MUSG focuses on productivity and students for second semester

MUSG+plans+to+focus+more+on+increasing+productivity+this+semester.+
Back to Article
Back to Article

MUSG focuses on productivity and students for second semester

MUSG plans to focus more on increasing productivity this semester.

MUSG plans to focus more on increasing productivity this semester.

Photo by Jordan Johnson

MUSG plans to focus more on increasing productivity this semester.

Photo by Jordan Johnson

Photo by Jordan Johnson

MUSG plans to focus more on increasing productivity this semester.

Hang on for a minute...we're trying to find some more stories you might like.


Email This Story






After canceling two Monday night meetings due to snow and cold days for the university, Marquette University Student Government is making changes this semester to be more productive and efficient, said Dan Brophy, a junior in the College of Arts & Sciences and legislative vice president of MUSG.

MUSG executives decided to change the meetings’ focus each Monday. Every Monday starting after Feb. 18 will be affected, switching between Senate and Committee focus for each meeting, Brophy said. The switch every week is to focus on getting through legislation on Senate days and to increase productivity throughout each meeting.

According to the MUSG website, the MUSG Senate actively identifies, addresses, and represents students’ needs, concerns, and interests.

Brophy said he was encouraged by the change by the MUSG executives, hoping the switch might make the Senate and Committee meetings more efficient for the senators and for students who attend.

With the missed snow and cold days, MUSG is backlogged with legislation to pass and other work to get to.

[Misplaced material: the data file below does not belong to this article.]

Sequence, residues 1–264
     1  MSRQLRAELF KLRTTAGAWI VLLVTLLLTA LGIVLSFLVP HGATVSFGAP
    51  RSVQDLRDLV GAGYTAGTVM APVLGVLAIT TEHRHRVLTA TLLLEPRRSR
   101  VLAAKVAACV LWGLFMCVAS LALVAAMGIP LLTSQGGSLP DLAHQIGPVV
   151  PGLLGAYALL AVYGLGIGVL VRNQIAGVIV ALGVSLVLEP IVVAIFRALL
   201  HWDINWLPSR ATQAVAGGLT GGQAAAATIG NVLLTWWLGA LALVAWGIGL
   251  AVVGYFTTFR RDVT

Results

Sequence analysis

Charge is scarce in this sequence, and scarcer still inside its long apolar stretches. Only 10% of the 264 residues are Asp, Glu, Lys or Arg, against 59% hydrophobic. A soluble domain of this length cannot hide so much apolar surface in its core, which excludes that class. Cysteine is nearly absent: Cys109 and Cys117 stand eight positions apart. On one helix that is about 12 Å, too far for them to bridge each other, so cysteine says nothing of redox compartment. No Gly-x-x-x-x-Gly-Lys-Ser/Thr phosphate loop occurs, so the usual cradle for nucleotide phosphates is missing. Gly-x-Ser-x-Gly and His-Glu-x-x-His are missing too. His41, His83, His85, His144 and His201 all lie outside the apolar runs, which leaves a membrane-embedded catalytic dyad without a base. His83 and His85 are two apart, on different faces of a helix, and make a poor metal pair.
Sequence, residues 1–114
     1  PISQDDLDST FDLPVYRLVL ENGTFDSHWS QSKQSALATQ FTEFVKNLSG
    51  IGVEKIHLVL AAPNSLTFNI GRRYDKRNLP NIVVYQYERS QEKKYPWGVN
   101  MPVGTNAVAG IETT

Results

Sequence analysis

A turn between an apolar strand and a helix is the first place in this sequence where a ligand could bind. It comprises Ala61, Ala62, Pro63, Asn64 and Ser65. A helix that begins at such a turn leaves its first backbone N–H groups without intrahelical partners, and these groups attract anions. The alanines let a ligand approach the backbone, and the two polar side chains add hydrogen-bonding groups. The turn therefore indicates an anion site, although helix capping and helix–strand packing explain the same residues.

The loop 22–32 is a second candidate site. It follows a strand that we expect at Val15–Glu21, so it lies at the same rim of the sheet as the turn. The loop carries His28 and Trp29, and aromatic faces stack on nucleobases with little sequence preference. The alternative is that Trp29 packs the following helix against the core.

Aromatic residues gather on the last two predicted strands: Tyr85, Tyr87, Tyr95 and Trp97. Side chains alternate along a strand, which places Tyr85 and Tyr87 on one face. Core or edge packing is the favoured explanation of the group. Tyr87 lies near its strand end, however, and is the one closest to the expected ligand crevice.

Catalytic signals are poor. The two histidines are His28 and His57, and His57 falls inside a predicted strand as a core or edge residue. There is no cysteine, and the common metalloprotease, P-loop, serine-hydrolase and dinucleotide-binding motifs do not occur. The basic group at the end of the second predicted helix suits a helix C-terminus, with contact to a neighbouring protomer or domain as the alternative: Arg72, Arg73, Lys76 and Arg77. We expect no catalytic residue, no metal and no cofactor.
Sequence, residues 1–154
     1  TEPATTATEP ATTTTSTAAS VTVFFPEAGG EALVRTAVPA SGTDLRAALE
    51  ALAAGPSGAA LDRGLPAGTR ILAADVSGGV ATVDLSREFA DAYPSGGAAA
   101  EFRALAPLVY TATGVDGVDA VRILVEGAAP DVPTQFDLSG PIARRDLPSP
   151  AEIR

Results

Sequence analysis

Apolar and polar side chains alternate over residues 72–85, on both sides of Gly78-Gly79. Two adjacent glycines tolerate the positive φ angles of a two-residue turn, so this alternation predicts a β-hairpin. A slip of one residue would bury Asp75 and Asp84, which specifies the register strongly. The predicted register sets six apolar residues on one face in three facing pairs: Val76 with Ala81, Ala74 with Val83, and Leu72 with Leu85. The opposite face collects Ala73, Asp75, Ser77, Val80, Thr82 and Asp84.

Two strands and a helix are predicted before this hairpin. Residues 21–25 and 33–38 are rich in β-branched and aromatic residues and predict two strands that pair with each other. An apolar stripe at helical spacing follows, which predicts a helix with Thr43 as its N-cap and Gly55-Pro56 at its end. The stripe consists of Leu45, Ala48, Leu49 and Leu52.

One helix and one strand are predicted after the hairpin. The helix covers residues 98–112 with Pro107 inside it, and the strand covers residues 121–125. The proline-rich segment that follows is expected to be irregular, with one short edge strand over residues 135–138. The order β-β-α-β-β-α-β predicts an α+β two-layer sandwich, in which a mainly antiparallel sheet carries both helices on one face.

Though yesterday’s meetings was private for the MUSG executive board to get through some legislation, students are encouraged to attend any of the following meetings. The focus will be different every other Monday, between Senate and Committee material.

Yesterday’s meeting was to pass legislation and get through work that has not been attended to this semester, due to the snow days, Brophy said.

“If we can pack a lot into one meeting, it’s using our time more efficiently and we can get a lot more done,” Brophy said. “Committee meetings will also be open to the public. Our intention was to have student organizations come to talk to committees to raise concerns.”

Brophy said MUSG can get too internally focused from time to time, when the meetings focus on making changes within MUSG.

“I think our goal as an executive board is to focus MUSG back on the students, the student experience, student narratives and what drives students here,” Brophy said.

Meredith Gillespie, a senior in the College of Arts & Sciences and president of MUSG, said MUSG’s hope is to be more outwardly focused, as opposed to focusing within student government.

“The committee meetings and formal Senate will be really good for (student government members) to give them a space to speak with their constituents and talk about what they want to pursue,” Gillespie said. “That will help catalyze those initiatives that help you get closer with people outside of the organization.”

Valerie Del Campo, a senior in the College of Communication and executive vice president of MUSG, said MUSG could improve the funding process to help student organizations.

“I think one thing we need to do for funding is to set up meetings with organizations to see how we can better support them or break down the student organization funding and application,” Del Campo said.

Student organization funding training is coming up Feb. 19, 20 and 21. MUSG is looking to make productivity a key goal by switching the form of meeting, Brophy mentioned. According to the website, attending SOF training is mandatory for a student organizations’ president or an executive board member before applying for funding. If no one attends, there will be no funding for the student organization.

Brophy, Gillespie and Del Campo said student, faculty and staff opinions are essential to the conversation and workings of MSUG.

“It’s the only thing that’s important. It’s the only thing we should be considering,” Brophy said.

“Student opinions and student voices are what run our organization,” Gillespie said. “If it wasn’t for them, MUSG wouldn’t be here.”

Print Friendly, PDF & Email